Removing the wax coating from kumquats

non organic citrus fruit is coated with a thin layer of wax (either petroleum based or natural), which prevents water loss and therefore extends the shelf life. Wax is also used for aesthetic reasons. Apparently, as consumers, we demand shiny fruit. Organic fruit is not waxed as that would not be permitted under organic standards.

Here are a couple of methods that you can use to remove wax from kumquats:

Boiling water
  • Place fruit in a colander
  • Boil a kettle & leave to cool for 5 minutes
  • Pour over the fruit
  • Using gloves to protect your hands from the heat, scrub the fruit with a small brush
  • Rinse with cold water and wipe dry with paper towels
Microwave
  • Microwave fruit for 10 seconds
  • Using gloves to protect your hands from the heat, scrub the fruit with a small brush
  • Rinse with cold water and wipe dry with paper towels

How much does one cup of kumquat flesh weigh?

Estimated US cup to weight equivalents:

Ingredient US Cups Grams Ounces
Kumquat flesh segments/large pieces/ flesh only
1
225 grams 8 ounces

Conversion notes:
Every ingredient has a cups to ounces or grams conversion table. Search for the ingredient, cup to weight conversions are at the end of each ingredient page.

We also have a generic conversion table and a portions per person lookup.

Kumquat: What portion size makes one of my 5 a day?

Select Kumquat from the drop-down selector below to find out what constitutes one portion of your 5-a-day fruits.

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1 fresh apple
2 heaped tablespoons of apple puree
6 halves of unsweetened tinned apricots
3 whole fresh apricots
Half an avocado
1 banana
10 blackberries
4 heaped tablespoons of blackcurrants
4 heaped tablespoons of blueberries
11 tinned cherries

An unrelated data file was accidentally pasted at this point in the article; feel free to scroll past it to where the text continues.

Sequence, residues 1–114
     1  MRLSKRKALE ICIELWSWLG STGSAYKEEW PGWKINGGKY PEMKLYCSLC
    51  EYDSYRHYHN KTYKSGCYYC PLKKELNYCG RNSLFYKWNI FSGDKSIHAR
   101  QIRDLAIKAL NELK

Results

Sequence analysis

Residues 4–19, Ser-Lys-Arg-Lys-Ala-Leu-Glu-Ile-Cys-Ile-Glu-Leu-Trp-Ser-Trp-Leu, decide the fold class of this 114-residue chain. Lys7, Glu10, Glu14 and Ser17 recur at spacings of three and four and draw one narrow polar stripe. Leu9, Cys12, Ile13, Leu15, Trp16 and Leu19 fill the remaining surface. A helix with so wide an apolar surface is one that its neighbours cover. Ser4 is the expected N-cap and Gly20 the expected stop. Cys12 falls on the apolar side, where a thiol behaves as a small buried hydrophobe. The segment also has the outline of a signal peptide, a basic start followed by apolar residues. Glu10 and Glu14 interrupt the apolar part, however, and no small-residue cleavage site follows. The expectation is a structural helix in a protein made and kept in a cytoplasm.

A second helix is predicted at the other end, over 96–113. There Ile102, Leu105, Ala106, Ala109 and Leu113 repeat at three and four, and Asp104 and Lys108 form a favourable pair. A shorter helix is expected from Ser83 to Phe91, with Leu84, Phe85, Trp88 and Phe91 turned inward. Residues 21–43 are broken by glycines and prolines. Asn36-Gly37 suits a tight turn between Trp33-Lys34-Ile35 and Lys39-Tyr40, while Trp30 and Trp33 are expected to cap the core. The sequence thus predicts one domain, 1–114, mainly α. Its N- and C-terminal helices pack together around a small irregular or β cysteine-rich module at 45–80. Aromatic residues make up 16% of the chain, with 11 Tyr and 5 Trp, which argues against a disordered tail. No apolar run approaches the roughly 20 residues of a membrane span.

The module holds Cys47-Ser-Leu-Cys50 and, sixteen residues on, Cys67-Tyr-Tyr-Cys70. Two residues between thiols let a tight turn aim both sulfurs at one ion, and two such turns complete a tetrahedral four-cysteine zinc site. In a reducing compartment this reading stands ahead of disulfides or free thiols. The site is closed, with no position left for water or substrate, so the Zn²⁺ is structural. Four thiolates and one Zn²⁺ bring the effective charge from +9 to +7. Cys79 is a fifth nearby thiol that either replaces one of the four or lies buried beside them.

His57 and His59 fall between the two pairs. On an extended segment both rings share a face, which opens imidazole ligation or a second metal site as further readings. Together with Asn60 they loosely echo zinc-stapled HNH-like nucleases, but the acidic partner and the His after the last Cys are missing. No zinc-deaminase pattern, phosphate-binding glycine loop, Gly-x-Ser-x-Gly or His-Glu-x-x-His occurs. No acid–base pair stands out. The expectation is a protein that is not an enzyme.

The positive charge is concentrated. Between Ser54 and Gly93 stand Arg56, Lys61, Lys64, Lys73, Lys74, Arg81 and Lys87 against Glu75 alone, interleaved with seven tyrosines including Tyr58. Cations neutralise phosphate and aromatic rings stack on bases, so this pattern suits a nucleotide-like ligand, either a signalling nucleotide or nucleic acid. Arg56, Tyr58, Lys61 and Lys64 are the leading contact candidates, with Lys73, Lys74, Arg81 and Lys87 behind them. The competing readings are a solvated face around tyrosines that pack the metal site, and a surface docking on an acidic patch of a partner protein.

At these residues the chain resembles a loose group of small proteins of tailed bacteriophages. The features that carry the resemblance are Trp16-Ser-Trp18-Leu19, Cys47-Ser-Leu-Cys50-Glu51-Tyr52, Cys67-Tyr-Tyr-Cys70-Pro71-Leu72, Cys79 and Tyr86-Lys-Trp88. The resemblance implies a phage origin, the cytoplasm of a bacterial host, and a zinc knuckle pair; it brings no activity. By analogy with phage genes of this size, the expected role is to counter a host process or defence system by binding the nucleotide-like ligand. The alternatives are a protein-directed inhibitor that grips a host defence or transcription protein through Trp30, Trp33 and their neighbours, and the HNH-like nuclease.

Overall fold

14 fresh cherries
2 clementines
6 damsons
3 fresh dates
2 fresh figs
150ml glass of unsweetened fruit juice
3 heaped tablespoons of tinned fruit salad
3 heaped tablespoons of fresh fruit salad
150ml glass of fruit smoothie
1 handful of gooseberries
8 segments of tinned grapefruit
half a fresh grapefruit
1 handful of grapes
2 kiwi fruit
8 Kumquats
6 tinned lychees
6 fresh lychees
3 heaped tablespoons of tinned mandarin oranges
1 fresh mandarin orange
2 slices of fresh mango (5cm or 2 inch)
1 slice of melon (5cm or 2 inch)
1 nectarine
1 orange
6 passion fruits
1 slice of pawpaw (papaya)
2 halves of tinned peaches
1 fresh peach
2 halves of tinned pears
1 fresh pear
2 rings of tinned pineapple
3 tablespoons of crushed pineapple
1 large slice of fresh pineapple
2 plums
6 tinned prunes
3 prunes
20 tinned raspberries
2 handfuls of fresh raspberries
5 chunks of tinned rhubarb
2 heaped tablespoons of cooked rhubarb
2 satsumas
1 sharon fruit
9 tinned strawberries
7 fresh strawberries
1 heaped tablespoon of sultanas
2 tangerines
1 heaped tablespoon of tomato puree
2 tinned whole tinned plum tomatoes
1 large fresh tomato
7 fresh cherry tomatoes
4 dried apple rings
3 whole dried apricots
1 handful of dried banana chips
1 heaped tablespoon of dried cherries
1 heaped tablespoon of dried cranberries
1 heaped tablespoon of dried currants
2 dried figs
1 heaped tablespoon of dried mangoes
1 heaped tablespoon of dried mixed fruit
2 halves of dried peaches
2 halves of dried pear
1 heaped tablespoon of dried pineapple
3 dried prunes
1 tablespoon of raisins
4 sundried tomatoes